The second panel, “Financial Engineering and Structured Finance in Real Estate: What Does the New Era Hold?” was moderated by Joseph Gyourko. Panelist John Klopp, CEO of Capital Trust, said that with cap rates down the result is a much more fragile lending environment and people are taking risks they weren’t in the past. Tad Philipp, managing director of Moody’s Investor’s Service, warned of a “slow, relentless creep” of bad underwriting, higher LTVs and less amortization. “The lines between debt and equity are beginning to blur,” he said. Brad Carpenter, managing director of Lehman Brothers, added, “We’ve seen dramatic declines in structure. The fact there’s a finite supply and a huge increase in entrants to this market, the structure will start to weaken.” On the debt side it used to be traditional lenders (banks and securities), pointed out Spencer Haber, CEO of H/2 Capital Partners. “Now it’s mezzanine funds.” Haber counters any gloom and doom, adding the industry is less volatile and there’s greater transparency than 15 to 20 years ago.
Lunch was followed by "Before (and After) the Deluge: The Elections and Their Aftermath" with Norman Ornstein, resident scholar at the American Enterprise Institute for Public Policy Research and election analyst for CBS News. Before a packed room, the self-proclaimed “raging moderate” opened with light-hearted jokes and jabs at both Republicans and Democrats.
In the final session of the day, “The ‘Why’ of Recent Big Deals and Their Implications for the Property and Capital Markets,” moderated by Asuka Nakahara, Timothy Callahan, president of Trizec Properties, talked about his company’s acquisition of Arden. When Blackstone & Brookfield bid on Trizec, they were looking for an expansion of their national platform and wanted to be part of an operating company. “The time we spent on the Arden portfolio made it attractive to Blackstone & Brookfield,” says Callahan. Lee Neibart, senior partner of Apollo Real Estate Advisors, focused on his company’s acquisition of interest in Lord & Taylor, a $1.2 billion company with 50 properties. The transaction proved complicated in that half the properties were fees and half were ground leases. Recognizing the office market was starting to get tight in New York, “we felt the residual value of Fifth Avenue was far in excess of what others were valuing it at,” said Neibart. There’s been opportunity for mixed use and residential around many of the stores, the locations in the northeast being highly desirable.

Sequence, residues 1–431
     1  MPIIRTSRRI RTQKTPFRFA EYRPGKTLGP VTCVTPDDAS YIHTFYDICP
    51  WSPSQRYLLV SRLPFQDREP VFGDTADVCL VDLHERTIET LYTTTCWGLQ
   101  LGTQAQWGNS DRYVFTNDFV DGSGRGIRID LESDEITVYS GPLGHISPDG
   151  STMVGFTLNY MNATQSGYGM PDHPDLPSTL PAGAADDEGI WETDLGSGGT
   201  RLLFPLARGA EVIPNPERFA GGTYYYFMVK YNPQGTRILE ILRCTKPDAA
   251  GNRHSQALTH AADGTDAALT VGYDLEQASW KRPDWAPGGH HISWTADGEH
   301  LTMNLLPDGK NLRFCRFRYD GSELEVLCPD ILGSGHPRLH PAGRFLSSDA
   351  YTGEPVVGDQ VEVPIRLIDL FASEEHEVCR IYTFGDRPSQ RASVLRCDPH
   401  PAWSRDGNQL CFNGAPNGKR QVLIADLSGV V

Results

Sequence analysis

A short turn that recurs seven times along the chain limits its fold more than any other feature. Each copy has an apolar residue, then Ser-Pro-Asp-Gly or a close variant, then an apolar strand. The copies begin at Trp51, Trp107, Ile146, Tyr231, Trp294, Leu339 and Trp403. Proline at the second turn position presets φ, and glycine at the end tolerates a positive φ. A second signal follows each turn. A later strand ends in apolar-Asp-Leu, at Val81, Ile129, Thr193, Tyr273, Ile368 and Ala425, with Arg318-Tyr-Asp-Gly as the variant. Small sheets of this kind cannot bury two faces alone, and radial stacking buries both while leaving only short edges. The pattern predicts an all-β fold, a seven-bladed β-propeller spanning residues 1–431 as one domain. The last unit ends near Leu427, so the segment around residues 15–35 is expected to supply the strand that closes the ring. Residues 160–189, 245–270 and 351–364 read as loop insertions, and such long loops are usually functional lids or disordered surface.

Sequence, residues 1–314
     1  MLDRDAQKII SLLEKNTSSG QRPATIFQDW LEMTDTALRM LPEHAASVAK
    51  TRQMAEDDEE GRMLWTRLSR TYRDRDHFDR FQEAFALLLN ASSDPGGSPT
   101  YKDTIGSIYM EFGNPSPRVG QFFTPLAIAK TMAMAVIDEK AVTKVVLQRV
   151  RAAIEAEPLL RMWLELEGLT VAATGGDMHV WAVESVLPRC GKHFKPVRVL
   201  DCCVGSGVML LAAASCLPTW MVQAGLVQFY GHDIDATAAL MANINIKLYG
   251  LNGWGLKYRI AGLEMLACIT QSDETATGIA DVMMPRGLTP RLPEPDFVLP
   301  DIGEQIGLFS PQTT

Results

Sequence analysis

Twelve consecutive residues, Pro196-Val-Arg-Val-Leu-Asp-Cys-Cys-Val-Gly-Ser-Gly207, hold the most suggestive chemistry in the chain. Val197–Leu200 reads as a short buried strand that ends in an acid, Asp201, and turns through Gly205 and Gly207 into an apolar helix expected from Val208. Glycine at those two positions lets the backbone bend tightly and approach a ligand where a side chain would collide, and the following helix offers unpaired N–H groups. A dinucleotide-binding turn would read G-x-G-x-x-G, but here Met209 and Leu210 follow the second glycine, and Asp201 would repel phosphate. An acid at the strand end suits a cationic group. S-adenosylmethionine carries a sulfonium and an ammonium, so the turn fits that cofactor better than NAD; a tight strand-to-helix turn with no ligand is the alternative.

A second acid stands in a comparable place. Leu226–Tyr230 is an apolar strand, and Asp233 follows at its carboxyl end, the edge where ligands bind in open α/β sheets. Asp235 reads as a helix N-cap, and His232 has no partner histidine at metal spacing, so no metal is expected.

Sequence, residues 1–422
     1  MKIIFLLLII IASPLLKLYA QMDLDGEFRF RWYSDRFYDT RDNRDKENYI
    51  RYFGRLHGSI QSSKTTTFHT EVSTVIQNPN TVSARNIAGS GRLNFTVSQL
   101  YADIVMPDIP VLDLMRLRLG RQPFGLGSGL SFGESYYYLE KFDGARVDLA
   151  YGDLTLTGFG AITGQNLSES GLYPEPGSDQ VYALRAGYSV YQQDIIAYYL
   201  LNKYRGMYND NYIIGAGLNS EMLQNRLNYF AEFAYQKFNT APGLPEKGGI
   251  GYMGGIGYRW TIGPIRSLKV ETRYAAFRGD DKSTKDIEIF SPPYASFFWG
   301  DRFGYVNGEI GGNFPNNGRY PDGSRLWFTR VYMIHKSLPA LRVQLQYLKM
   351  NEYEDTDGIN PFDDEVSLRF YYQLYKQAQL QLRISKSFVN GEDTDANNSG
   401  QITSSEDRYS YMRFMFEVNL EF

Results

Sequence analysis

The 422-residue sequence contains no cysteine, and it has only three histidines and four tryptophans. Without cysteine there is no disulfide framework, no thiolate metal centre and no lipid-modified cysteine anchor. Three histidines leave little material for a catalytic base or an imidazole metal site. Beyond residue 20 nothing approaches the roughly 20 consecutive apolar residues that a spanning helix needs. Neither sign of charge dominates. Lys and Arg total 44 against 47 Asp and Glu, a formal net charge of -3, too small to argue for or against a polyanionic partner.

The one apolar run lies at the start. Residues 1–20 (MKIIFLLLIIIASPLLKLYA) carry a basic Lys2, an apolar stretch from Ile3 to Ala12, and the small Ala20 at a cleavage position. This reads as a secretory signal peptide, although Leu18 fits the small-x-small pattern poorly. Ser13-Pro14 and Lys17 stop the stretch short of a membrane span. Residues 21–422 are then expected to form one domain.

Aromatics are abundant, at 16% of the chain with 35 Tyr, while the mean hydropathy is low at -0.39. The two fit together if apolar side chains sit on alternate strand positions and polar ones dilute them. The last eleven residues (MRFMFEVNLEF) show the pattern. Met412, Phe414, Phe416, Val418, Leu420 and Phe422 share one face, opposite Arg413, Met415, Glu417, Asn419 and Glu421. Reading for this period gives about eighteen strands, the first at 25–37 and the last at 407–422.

Richard Saltzman, president of Colony Capital, discussed Colony’s acquisition of Fairmont Hotels & Resorts, a $6 billion deal concerning 87 properties in North America. The company had previously bought Raffles and was contemplating a merger. In partnership with Kingdom Hotels they joint-ventured the deal to spread the risk and went about re-branding Kingdom Hotel assets as the Fairmont brand. “The advantage of debt markets,” said Saltzman, “is you can immediately de-risk the transaction, take the real estate in Fairmont and Raffles and sell with long-term management contracts. This is new in the hospitality space.” Alan Leventhal, founder, chairman and CEO of Beacon Capital Partners, spoke about just having sold several properties including the John Hancock Complex at 1211 Avenue of the Americas. The company didn’t have equity capital at the time so approached Lehman to get set up. “Value,” said Leventhal, is the discount to replacement costs, a healthy margin, and a reasonable prediction of replacement cost five years into the future. “It’s very expensive to replace these assets.”
The Zell/Lurie Spring Members’ Meeting will be Thursday and Friday, April 19 and 20, 2007 at the Rittenhouse Hotel.
Audio of the meeting is now available on-line. Please contact Ron Smith for more information.
Posted November 2006